Private-company acquisition agreements also often have indemnity provisions defining the buyer’s rights upon a breach of the seller’s representations, which typically are the buyer’s exclusive remedy for such a breach. Such indemnity provisions tend to specify dispute resolution procedures, often litigation in an exclusive judicial forum, time periods for making indemnification claims, as well as limits on the amount that can be recovered.
Overlap between the working capital dispute mechanisms and the indemnity provisions can lead to confusion and disputes regarding whether parties are able to proceed through arbitration, or whether they must litigate for breach of representation. If the acquisition agreement is ambiguous, a buyer may attempt to make essentially the same claim against the seller under either the working capital adjustment mechanism or the indemnity provisions – and the difference in outcome as to which provisions govern can be significant. For instance, typically there are no limits on the amount by which the purchase price can be adjusted through the working capital adjustment mechanism. Indemnity provisions, however, often place specified limits on the amount a buyer can recover for a seller’s breach of representations and warranties. In addition, indemnity provisions frequently have claim deductibles or “baskets” — meaning the buyer must incur a certain amount of damages before having the right to seek redress.
Courts have addressed such disputes with varying results. In one recent case, the purchase agreement required the seller to prepare a closing balance sheet as of March 30, 2011, and calculate “Estimated Working Capital” as of that date, “in accordance with GAAP consistently applied and following the . . . methods employed in preparing the Company’s balance sheet as of December 31, 2010 included in the Financial Statements.” Severstal US Holdings, LLC v. RG Steel, LLC, 865 F. Supp. 2d 430, 433 (S.D.N.Y. 2012). Disputes over working capital were to be referred to an independent accountant in arbitration. The purchase agreement also contained a representation by the seller that its December 31, 2010 financials were prepared in accordance with GAAP, and indemnification through litigation was the exclusive remedy for any alleged breach of representation in the agreement.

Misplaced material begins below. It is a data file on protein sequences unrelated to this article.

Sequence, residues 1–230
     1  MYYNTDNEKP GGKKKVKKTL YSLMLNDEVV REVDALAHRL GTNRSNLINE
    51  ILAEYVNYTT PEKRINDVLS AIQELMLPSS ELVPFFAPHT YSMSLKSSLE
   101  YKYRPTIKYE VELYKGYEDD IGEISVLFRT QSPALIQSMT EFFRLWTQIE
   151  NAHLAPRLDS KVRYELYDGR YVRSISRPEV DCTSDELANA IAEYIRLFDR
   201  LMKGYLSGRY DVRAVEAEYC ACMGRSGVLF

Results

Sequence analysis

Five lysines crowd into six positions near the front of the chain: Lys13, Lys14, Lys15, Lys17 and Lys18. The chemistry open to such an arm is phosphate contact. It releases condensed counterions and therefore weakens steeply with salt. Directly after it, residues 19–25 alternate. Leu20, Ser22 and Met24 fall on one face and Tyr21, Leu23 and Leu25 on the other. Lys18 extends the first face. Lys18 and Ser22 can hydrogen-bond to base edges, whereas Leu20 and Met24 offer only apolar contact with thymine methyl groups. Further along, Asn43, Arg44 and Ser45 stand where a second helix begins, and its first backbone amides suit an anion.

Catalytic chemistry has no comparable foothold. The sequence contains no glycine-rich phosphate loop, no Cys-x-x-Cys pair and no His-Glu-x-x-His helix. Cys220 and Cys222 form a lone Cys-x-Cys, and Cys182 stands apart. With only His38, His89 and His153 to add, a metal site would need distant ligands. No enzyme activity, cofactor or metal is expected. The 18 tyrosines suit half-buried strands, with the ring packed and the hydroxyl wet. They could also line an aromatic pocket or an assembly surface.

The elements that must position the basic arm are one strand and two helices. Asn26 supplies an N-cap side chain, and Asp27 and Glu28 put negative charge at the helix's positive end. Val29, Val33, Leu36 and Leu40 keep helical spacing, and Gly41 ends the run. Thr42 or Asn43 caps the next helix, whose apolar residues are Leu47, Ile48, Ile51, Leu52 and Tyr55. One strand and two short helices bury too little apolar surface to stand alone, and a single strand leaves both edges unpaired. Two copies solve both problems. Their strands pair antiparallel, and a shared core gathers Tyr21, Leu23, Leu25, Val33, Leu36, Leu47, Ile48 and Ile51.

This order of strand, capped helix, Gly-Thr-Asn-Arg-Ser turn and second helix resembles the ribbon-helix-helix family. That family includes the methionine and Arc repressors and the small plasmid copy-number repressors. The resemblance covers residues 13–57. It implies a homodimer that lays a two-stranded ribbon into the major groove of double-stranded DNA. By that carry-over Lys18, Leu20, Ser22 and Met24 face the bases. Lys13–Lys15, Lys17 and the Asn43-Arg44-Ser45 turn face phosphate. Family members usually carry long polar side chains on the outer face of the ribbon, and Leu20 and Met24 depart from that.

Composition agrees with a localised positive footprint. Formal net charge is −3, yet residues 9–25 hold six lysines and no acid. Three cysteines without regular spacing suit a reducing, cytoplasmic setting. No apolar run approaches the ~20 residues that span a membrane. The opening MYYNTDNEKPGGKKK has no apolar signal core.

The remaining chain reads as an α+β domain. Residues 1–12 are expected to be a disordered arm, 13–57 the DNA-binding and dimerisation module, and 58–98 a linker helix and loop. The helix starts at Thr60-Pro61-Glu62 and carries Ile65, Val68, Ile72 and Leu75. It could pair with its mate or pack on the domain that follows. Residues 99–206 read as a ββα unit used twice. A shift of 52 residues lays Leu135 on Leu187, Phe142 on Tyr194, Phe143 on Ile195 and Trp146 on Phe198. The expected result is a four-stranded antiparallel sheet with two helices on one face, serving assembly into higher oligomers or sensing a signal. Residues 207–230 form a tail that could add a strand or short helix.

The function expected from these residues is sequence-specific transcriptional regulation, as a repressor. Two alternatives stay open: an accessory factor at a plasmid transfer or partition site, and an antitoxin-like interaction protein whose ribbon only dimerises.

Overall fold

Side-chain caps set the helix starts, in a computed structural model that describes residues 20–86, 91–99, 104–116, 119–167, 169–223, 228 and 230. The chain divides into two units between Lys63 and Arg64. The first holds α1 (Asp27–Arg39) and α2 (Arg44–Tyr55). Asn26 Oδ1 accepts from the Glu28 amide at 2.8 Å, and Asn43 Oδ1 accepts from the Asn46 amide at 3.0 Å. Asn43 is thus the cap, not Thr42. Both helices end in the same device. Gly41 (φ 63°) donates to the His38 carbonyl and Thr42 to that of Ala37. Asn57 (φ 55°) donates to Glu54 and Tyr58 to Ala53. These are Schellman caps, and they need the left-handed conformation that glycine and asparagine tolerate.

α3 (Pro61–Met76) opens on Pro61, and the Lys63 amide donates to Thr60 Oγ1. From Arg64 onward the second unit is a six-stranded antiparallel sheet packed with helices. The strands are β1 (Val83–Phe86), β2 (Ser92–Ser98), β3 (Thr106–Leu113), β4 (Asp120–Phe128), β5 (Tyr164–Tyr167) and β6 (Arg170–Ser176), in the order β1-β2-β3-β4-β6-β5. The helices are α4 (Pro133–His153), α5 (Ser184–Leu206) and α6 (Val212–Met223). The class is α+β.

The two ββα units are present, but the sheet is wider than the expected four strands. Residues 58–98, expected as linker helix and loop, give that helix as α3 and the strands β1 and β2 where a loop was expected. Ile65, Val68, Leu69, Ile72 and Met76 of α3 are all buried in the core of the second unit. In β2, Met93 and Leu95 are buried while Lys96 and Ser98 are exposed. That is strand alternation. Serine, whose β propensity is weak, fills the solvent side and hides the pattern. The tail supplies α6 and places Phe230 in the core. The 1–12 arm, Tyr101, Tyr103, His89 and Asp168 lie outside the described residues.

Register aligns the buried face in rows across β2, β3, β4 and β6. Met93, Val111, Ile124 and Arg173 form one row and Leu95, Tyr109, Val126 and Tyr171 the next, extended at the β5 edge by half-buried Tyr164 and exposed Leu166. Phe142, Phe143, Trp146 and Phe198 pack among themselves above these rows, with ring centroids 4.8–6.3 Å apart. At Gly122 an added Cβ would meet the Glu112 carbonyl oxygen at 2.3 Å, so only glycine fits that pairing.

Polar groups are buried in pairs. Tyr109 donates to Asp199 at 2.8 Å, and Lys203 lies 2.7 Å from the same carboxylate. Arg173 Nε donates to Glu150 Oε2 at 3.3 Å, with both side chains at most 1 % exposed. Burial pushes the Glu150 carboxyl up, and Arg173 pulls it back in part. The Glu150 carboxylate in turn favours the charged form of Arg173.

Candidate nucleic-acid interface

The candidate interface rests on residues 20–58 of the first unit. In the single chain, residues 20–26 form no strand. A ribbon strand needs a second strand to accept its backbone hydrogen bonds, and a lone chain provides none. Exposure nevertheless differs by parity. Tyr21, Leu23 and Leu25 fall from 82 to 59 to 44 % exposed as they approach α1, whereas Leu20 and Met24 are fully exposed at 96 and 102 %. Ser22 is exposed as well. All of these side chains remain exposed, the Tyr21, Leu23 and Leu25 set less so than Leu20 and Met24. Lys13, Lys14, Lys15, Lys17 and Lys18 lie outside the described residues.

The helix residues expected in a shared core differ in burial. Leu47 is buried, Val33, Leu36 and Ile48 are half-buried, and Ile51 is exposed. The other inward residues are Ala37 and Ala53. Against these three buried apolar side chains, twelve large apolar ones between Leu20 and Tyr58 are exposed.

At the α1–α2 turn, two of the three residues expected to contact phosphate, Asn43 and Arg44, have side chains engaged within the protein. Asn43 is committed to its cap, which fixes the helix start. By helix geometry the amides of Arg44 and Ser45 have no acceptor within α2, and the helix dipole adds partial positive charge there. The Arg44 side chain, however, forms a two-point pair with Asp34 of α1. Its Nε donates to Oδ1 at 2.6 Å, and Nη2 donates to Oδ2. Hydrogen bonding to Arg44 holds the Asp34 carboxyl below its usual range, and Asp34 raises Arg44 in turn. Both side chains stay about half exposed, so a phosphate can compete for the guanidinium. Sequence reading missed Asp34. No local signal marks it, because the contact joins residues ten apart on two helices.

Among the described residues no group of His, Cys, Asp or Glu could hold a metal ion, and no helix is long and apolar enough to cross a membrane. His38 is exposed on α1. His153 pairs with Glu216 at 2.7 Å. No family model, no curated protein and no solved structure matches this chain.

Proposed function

As it turned out, the parties were far apart on the calculation of working capital. The buyer maintained the seller’s estimation of working capital was overstated due to a failure to follow the required working capital calculation methodology by properly applying GAAP in the March 30, 2011 closing balance sheet, and sought an $83 million purchase price reduction through arbitration pursuant to the working capital dispute provisions. Id. at 435. The seller contended that any assertion that it failed to prepare its financial statements in accordance with GAAP was a claim for breach of representation, for which indemnification was the sole remedy. Id. at 439. Important to the court’s ultimate decision was that the seller made no representation with respect to the March 30, 2011 closing balance sheet’s compliance with GAAP, but only that its historical financials as of December 31, 2010 complied with GAAP. Thus, the Court held the dispute was not covered by the indemnity provisions in the purchase agreement and the parties were ordered to proceed to arbitration. Id. at 440-41.